Science

Quebec introduces bill banning religious symbols

Quebec introduces bill banning religious symbols”

More broadly, the wearing of religious symbols in public-sector workplaces has been the subject of debate in Quebec for over a decade.

As someone already in the education system, she is protected by a grandfather clause in the bill as long as she keeps teaching within the same school board.

Numerous advocacy groups have spoken out against the ban. President of World Sikh Organization of Canada, Mukhbir Singh told TOI on Friday "we are deeply disappointed that the Coalition Avenir Québec government has introduced legislation banning the wearing of religious clothing and symbols in Quebec".

Sikhs living in Canada have mainly objected on the section of bill that outlaws wearing of religious symbols by public workers. That includes a cross, kirpan, hijab, turban, kippa or anything similar. We fear that this ban will have a trickle-down effect into the private sector and young Sikhs who are born and raised in Quebec will find it even more hard to find jobs in the province. It does not define "religious symbols", meaning some specific guidelines may only be established through court decisions.

The government said the measure - combined with the removal of a cross installed in the main chamber of the national assembly in 1936 - underscored Quebec's break with religion a half century ago, when it rejected the Catholic Church's powerful influence in local politics.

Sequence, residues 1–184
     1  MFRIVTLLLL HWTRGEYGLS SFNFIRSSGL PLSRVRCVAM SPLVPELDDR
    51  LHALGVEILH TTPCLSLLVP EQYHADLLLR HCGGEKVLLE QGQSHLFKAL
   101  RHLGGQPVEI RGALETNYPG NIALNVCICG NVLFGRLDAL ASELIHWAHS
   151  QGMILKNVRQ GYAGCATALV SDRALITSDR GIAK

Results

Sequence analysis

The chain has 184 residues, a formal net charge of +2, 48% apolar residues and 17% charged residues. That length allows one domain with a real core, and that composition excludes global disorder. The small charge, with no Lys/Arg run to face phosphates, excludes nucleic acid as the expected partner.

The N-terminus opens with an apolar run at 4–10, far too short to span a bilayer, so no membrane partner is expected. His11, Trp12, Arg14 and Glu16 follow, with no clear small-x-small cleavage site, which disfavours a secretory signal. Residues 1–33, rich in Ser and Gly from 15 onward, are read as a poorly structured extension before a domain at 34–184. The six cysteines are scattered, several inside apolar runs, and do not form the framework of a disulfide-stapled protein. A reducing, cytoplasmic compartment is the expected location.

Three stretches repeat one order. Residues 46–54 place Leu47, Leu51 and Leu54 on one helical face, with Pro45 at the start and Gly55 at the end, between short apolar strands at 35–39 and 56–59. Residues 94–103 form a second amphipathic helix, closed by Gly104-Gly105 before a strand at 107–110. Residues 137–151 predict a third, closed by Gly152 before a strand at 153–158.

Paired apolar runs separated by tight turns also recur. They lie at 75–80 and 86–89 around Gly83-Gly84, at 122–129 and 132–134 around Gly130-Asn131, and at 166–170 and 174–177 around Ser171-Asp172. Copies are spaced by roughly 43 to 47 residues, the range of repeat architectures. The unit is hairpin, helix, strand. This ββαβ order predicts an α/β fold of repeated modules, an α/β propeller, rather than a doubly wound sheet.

The groups are asking that the bill be withdrawn, but they acknowledge the battle will be hard because the government has invoked the notwithstanding clause to block possible court challenges.

Members of the public would also be required to have uncovered faces when interacting with government workers "where doing so is necessary to allow their identity to be verified or for security reasons", unless they have health, occupational or disability-related reasons for covering their face. "The NCCM's legal team is undertaking a careful review of the bill to determine what options exist to challenge this discriminatory legislation", said Gardee. "You can't be promoted or change school boards and wear a religious symbol". Teachers' unions have also been vocal opponents of the proposed ban.

"I think one of the things that a lot of Quebecers are going to be asking in the coming hours and days is about how this proposed law is actually going to work", he said.

"Are we prepared as a society to tell an aspiring police officer that she will never enjoy the privilege of protecting her community?"

Significant public backlash could theoretically lead to Legault rethinking some or all aspects of the bill.

However, polling data suggests that major opposition to the entire bill is likely. However there wouldn't be a "strip search to check if the person is wearing a religious sign", he said.

Thursday's bill invoked the rarely-used "notwithstanding clause" in an attempt to override future legal challenges to the legislation.



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